The violinist and violist boils down a career’s worth of experience as soloist, chamber musician and teacher
Growing up in a family where almost everyone was a musician (my late father was violinist/violist and teacher Grigori Zhislin), I didn’t really have to think too much about what I was doing on the instrument. (Nearly) everything was taken care of, all I had to do was catch the huge amounts of information thrown at me.
That had its positive and negative elements.
On one hand, everything I did on the violin felt pretty easy, both technically and musically. But on the other, it meant that when I was left on my own and had to face ‘that world out there’, I had to start using my own imagination, gain my own experience and widen my repertoire and knowledge in order to achieve real levels of sensitivity and musicianship. Years of teaching and having to constantly find new ideas and an individual approach to every student have helped a lot to approach my own playing from different angles.
I would like to look at several basic elements that have served me as the main ‘pillars’ of playing, which are sometimes not given as much attention as they deserve
Finding your own individual sound and making sure that it constantly develops and becomes unmistakably associated with you is not as easy as it seems. Training our ear is essential. The way I think we should work on sound profoundly is by starting with playing long notes, one by one. Everyone determines their own length and duration. The important thing is to make sure that the sound on every note is not affected in any way, that it stays exactly the same, from start to finish.
It’s harder than it looks.
The task is to make sure that we start the note with a nice, delicate yet firm sound, and keep it that way right until the very end. This, of course, gives us a chance to work on our bow control, but most importantly we train our ear to develop a fine control over the quality of the sound. Capturing a sweet, unique and individual sound, then learning to develop it opens up huge potential.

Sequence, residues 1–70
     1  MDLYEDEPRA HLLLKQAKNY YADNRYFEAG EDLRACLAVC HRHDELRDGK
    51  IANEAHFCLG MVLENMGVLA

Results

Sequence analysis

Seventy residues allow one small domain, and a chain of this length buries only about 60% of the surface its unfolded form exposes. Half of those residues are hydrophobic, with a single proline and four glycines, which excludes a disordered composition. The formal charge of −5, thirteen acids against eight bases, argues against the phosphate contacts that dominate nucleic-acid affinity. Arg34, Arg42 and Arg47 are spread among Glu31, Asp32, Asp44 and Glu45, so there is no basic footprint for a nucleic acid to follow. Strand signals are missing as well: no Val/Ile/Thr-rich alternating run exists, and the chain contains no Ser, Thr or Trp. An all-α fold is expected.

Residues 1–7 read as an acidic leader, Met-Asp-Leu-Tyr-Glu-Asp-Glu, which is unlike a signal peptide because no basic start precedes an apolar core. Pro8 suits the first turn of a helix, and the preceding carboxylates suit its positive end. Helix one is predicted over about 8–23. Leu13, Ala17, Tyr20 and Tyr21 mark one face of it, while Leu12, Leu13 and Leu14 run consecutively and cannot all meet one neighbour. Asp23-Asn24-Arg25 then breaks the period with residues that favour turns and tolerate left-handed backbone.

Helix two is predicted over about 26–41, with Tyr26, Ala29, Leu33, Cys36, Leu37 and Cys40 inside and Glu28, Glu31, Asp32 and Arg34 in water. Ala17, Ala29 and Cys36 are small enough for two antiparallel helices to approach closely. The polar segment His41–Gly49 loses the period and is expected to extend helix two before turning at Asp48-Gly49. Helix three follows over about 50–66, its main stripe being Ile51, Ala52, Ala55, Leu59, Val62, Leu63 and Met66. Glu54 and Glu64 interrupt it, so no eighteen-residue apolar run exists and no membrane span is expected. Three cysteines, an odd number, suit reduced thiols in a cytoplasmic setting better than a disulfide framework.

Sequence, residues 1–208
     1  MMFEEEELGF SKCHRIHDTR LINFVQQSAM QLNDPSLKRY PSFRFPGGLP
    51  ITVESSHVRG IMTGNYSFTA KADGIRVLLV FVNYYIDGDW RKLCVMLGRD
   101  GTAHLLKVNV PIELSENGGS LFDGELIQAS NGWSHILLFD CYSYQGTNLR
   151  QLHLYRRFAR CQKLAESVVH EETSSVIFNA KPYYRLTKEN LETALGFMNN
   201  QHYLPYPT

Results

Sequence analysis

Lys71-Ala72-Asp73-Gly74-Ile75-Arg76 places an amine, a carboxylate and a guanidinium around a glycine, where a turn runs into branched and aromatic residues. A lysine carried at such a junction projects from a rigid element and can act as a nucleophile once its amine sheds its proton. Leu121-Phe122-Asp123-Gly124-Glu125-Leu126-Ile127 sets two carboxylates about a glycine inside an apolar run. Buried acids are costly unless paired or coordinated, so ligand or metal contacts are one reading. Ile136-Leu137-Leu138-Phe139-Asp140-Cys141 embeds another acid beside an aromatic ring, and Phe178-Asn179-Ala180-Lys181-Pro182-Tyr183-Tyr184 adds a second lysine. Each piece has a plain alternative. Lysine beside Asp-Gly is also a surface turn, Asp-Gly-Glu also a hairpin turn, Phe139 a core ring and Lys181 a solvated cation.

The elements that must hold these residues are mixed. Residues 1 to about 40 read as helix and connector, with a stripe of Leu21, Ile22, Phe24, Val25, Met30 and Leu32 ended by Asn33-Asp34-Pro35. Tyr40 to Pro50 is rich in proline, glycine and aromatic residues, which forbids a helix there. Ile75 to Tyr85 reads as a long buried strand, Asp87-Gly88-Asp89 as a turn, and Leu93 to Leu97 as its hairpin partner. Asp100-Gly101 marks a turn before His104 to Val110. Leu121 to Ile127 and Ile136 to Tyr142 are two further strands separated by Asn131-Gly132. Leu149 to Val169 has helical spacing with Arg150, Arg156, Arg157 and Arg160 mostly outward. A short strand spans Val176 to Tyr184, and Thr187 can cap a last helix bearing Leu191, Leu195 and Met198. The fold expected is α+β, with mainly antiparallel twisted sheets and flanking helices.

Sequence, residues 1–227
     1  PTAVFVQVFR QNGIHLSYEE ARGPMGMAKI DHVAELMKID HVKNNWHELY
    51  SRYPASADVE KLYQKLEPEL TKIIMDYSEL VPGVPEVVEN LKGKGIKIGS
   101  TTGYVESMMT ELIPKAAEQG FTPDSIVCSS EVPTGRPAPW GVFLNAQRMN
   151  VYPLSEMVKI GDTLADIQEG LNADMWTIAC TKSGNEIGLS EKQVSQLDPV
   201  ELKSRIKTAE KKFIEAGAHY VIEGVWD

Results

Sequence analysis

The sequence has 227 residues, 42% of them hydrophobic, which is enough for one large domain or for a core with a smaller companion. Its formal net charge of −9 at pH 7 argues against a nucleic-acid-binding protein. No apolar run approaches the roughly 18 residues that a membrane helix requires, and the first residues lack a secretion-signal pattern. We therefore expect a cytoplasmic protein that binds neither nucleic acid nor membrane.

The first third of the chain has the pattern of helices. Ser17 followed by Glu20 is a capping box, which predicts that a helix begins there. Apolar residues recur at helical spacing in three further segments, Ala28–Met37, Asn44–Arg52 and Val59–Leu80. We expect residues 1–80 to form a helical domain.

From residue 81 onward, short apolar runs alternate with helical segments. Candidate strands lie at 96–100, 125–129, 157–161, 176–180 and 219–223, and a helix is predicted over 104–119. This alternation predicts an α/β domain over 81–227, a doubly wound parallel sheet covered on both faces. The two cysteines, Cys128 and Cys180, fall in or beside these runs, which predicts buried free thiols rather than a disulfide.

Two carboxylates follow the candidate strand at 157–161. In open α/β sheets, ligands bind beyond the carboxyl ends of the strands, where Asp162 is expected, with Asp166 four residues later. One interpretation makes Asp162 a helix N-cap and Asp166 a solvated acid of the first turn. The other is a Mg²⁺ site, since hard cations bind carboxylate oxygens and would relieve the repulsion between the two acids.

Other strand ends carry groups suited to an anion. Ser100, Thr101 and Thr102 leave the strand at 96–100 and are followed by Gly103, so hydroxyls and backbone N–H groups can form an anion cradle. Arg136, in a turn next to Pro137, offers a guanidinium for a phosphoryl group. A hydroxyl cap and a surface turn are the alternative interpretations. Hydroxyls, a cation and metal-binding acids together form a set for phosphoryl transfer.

I come from an old school musical background, where vibrato is considered an essential tool for all sorts of nuances. We often tend to work on our vibrato by ‘detaching’ it from the tone. I feel we always have to remember that sound and vibrato are two inseparable things.
I have been obsessed with this for quite some time now. I passionately believe that from the moment we put the bow on the string, we must keep the sound alive. The softer the colour, the more energy and electricity we have to put through each note. I feel that when I play I become an extension of the instrument, my whole body conducts the sound.
We all take intonation for granted, but don’t always, I find, work on it in the right way. What helps me, and my students, apart from playing slowly (obviously) is playing as softly as possible. It’s like reading a text: if it’s too close, we can only see separate letters, but won’t be able to make out the words and sentences. The same with quiet playing: it will give us a chance to see a bigger picture and adjust individual notes within as necessary.
As basic as it seems, it is THE foundation of any music, like a heartbeat is to life. The metronome should become an item of our everyday life (however annoying it might be), so that we can constantly improve our sense of pulse in music.
When we were children and teenagers, we found it hard to concentrate during our practising, because we were inexperienced. These days, I also find it hard to stay focused on what I am doing while practising for more than 5-10 minutes: ‘Have I sent that important email? I am running late to pick up my daughter from School… Is she going to eat fish for dinner?!’ Before I know it, the concentration is gone, my brain is somewhere else. Training myself to stay focused for longer periods of time is something I take very seriously.
Finally, one of the most important things I tell myself and my students: first find your sound and then build everything else around it. You can learn all the theory in the world, but you need to understand what you are learning this theory for: it is ultimately simply a tool which enables you to express your thoughts and emotions.
Yuri Zhislin is a soloist and chamber musician and professor of violin and viola at the Royal College of Music in London
His latest album with Natalia Lomeiko and Ivan Martin of trios by Brahms, Bruch and Schubert is available for pre-order now from https://orchid-music.lnk.to/lomeikozhislinmartin